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The Hovering Presence of Egon Schiele

By Michael Huey / June 21, 1989



THINKING back on the factors that shaped his career as a landscape painter, Leopold Hauer wrote this tribute to Egon Schiele in 1962: ``[I learned from him] ... the pure construction of a work of art, he opened the door for me to see the decorative effect of nature....'' Through this figurative ``opening of a door,'' Schiele beckoned not only Hauer, but entire generations of Austrian painters to follow him through it. No contemporary Austrian artist can imagine himself outside the sphere of Schiele's influence - and all must come to terms with his hovering presence.

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During his brief lifetime (1890-1918) Schiele ``constructed'' paintings that now seem quintessentially Austrian in character - though at the time they were far removed from the qualities of discretion and detachment that the turn-of-the-century Viennese prized.

The young protagonist in a Hugo von Hofmannsthal play from that period makes this point extremely clear through his admiration of his sophisticated uncle Hans Karl: ``...he knows nothing more elegant than the manner in which you handle people, the great airs, the distance you show everyone....''

Schiele punctured this sort of serenity with his startlingly direct portraits and landscapes. Ultimately, they came as a welcome relief to a society that ignored (in the age of Freud) the turbulence under its superficially ordered exterior.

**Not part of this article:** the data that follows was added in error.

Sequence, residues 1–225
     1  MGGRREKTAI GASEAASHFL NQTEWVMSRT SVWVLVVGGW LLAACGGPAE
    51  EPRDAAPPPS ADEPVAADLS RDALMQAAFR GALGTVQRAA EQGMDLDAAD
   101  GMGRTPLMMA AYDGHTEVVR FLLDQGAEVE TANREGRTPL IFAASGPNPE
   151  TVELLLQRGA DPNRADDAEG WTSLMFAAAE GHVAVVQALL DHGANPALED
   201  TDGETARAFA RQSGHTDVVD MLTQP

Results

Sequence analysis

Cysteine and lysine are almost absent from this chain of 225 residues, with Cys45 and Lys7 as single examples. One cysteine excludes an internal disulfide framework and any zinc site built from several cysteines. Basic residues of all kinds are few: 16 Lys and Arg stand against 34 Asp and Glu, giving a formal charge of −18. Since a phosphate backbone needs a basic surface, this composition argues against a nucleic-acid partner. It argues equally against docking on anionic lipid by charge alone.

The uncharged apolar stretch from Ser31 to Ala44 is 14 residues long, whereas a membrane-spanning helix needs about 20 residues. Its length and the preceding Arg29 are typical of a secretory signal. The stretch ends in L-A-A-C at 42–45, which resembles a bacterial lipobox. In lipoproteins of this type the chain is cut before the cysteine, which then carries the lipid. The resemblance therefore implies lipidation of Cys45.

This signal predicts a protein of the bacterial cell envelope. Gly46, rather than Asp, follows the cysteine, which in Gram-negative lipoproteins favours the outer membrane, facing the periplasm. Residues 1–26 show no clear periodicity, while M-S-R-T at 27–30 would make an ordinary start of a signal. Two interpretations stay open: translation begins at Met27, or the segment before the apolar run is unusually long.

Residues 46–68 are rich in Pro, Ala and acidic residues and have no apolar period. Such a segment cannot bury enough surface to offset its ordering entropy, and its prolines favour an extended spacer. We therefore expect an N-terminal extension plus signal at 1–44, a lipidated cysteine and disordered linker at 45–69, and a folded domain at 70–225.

Schiele understood this conflict in the Viennese psyche. He understood the people who sat for him. Sometimes he saw things of which they themselves were unaware. It is said that Arnold Schoenberg was dissatisfied with the portrait Schiele painted of him - he was rather heavy at the time and Schiele had painted a man quite thin. Many years later, however, Schoenberg grew to look like the man in Schiele's painting.

Today, one sees Schiele's influence everywhere in Austria. From familiar shapes in the vivid contemporary abstractions of the artist Friedensreich Hundertwasser to recurring colors and themes in the work of Leopold Hauer. I do not suggest that these artists (or any artist, for that matter) have inherited the place that was Schiele's; but both have worked with the legacy he left behind and taken it in new and interesting directions.

The connection of Hauer to Schiele is a particularly fascinating one, for they were contemporaries of sorts - even though Hauer outlived Schiele by some 60 years. By a curious twist, their lives were also momentarily brought together.

Hauer was born just six years after Schiele, in 1896. He decided to become an artist at the age of 14, in 1910.

In 1910 Schiele was already 20. He had completed two brief and stormy years at Vienna's Academy of Fine Arts. The Secessionists - Vienna's turn-of-the-century avant-garde - had set up shop right behind the academy in an exotic Jugendstil building. They lured Schiele away from the traditional bourgeois education, and he quickly established himself as a member of the trio of Expressionists that included Richard Gerstl and Oskar Kokoschka. Schiele's works from this period include the well-known portraits of Eduard Kosmak, as well as two poignant ones of his sister, Gerti.

Around this time Schiele came into direct contact with the Hauer family by drawing a series of sketches of Leopold's father, Franz.

In Vienna there is a unique connection between the Lokal (a kind of restaurant-tavern) and the arts. Franz Hauer owned the popular Lokal Griechenbeisl in the city's first district. The Griechenbeisl was a hangout for many of the artists of the time, including Schiele.